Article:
Tony Guerra, PharmD
Tony Guerra, PharmD, is chair, instructor, and pre-pharmacy advisor at Des Moines Area Community College's Pharmacy Technician program and Pharmacy Podcast Network Co-Host. He's Tony_PharmD on Twitter and TonyPharmD on YouTube providing Top 200 drugs and pronunciation help to over 4,500 followers with over 1 million views. His two audiobooks Memorizing Pharmacology: A Relaxed Approach and How to Pronounce Drug Names: A Visual Approach to Preventing Medication Errors are Amazon bestsellers. He graduated from Iowa State University with a BA in English and the University of Maryland with his PharmD.
But mnemonics can help students easily recall information for the PCOA and later for the North American Pharmacist Licensure Examination (NAPLEX).
Although professors will say that acing the tests is not about memorization, those who have trouble remembering what they learned will not score well. Why does this matter? Some pharmacy schools that identify a student as a poor performer on the PCOA exam will place him or her under probation. Students may need to wait a year to repeat. With an average of just 48 seconds a question (180 minutes for 225 questions) a student must know the answers almost immediately.
As a pharmacology professor, when I see students many years down the road, they tell me they remember my stories and my mnemonics. Taking that information and putting it in book form, I created an interprofessional audiobook with 134 mnemonics encapsulating more than 450 drugs. It is called Memorizing Pharmacology Mnemonics: Pharmacy Flashcards and Fill-Ins for the Future Nurse, Doctor, Physician Assistant, and Pharmacist. Instead of reading it myself, I had Mike Lenz, a pharmacist from the Albany College of Pharmacy who is also a professional voice actor read it to make it more engaging. Although professors do a great job helping students understand the P1 through P3 material, it is critical to remember it for a few more years as well. Let’s see how these mnemonics work in a YouTube video that I will also describe.
When trying to memorize antacids, for example, students may make 4 notecards for aluminum hydroxide, calcium carbonate, magnesium hydroxide, and sodium bicarbonate. Maybe they will note chelation and hypophosphatemia on the back. But when exam time comes, they hope they remember everything. To help them do this, I created a step-by-step story held by a single mnemonic ACIDIC MEALS. With a single notecard, they learn 4 medications and 4 adverse effects/interactions. These are:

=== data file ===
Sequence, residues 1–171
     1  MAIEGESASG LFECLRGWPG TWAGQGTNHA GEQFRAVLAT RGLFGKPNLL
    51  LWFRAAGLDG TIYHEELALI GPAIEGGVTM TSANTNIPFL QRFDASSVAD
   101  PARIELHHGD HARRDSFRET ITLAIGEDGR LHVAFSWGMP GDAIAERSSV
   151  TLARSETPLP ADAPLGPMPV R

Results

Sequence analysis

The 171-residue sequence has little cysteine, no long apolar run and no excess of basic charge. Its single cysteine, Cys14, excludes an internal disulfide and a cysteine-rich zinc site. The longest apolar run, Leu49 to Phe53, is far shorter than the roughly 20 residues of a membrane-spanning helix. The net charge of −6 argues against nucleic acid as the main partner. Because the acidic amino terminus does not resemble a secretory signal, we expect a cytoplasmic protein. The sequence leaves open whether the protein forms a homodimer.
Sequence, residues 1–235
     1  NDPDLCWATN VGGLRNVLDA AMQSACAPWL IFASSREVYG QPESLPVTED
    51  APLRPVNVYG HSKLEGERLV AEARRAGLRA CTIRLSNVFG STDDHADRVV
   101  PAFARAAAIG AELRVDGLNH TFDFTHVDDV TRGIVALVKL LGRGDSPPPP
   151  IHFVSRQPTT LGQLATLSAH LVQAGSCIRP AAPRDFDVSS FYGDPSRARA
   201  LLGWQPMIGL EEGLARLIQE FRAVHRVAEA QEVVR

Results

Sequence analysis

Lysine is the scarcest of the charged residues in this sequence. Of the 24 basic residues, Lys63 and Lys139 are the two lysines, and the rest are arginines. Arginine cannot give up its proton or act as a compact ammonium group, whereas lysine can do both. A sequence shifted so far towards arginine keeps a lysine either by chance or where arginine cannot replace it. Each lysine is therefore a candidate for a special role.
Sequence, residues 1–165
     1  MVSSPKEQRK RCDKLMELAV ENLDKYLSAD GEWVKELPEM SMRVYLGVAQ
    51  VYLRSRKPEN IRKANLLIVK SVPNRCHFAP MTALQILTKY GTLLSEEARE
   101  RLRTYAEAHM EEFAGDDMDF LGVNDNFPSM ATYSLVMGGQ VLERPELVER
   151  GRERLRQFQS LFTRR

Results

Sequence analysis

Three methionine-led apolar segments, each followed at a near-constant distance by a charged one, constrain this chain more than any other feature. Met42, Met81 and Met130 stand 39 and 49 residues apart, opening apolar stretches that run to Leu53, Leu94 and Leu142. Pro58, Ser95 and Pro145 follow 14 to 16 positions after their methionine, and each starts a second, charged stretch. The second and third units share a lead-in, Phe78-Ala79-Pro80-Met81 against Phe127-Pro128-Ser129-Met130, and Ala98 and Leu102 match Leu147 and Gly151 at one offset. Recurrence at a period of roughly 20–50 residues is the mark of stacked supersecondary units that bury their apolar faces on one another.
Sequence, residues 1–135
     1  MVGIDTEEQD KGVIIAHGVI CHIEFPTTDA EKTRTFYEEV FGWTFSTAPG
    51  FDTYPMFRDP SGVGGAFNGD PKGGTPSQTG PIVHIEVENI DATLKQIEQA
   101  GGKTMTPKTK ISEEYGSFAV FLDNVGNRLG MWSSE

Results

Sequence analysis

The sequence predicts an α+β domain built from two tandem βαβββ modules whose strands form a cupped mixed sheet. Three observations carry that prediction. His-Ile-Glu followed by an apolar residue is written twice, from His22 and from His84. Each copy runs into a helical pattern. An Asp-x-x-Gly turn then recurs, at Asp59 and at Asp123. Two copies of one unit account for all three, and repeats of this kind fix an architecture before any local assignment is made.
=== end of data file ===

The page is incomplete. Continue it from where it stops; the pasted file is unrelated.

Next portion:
A, aluminum hydroxide (Amphojel)
C, calcium carbonate (Tums)
D, decreased phosphate
I, ions and chelation
My students learned that aluminum hydroxide and calcium carbonate have similar adverse effects to chelation, constipation, and hypophosphatemia. Their proximity in this mnemonic half keeps them in mind spatially. It is the same idea as driving somewhere without having an address or walking to class without a room number.
M, magnesium hydroxide (Milk of Magnesia)
L, laxative effect
S, sodium bicarbonate (in Alka-Seltzer)
Using the same principle, we add 2 more antacids: magnesium hydroxide and sodium bicarbonate. Because magnesium hydroxide is closer to laxative effect, spatially we understand that constipation goes with aluminum hydroxide and calcium carbonate and the laxative effect goes with magnesium hydroxide.
This video helps students memorize the 4 H2 blockers and their adverse effects with the mnemonic CALIFORNIA H2.
The favorite pair of mnemonics from early reviews include the SSRI mnemonic 77. UPS AFFECT
T, titrate to avoid agitation and anxiety adverse effect
Its partner is mnemonic 78. SSRIS HARM, outlining common adverse effects and serotonin syndrome symptoms.
S, sexual dysfunction
S, serotonin Syndrome
H, high temperature, hyperthermia
A, autonomic instability
Even students who did not take the PCAT to get into pharmacy school will find that schools have made standardized exams a requirement to progress to P4 year. Mnemonics can help make sure students are ready.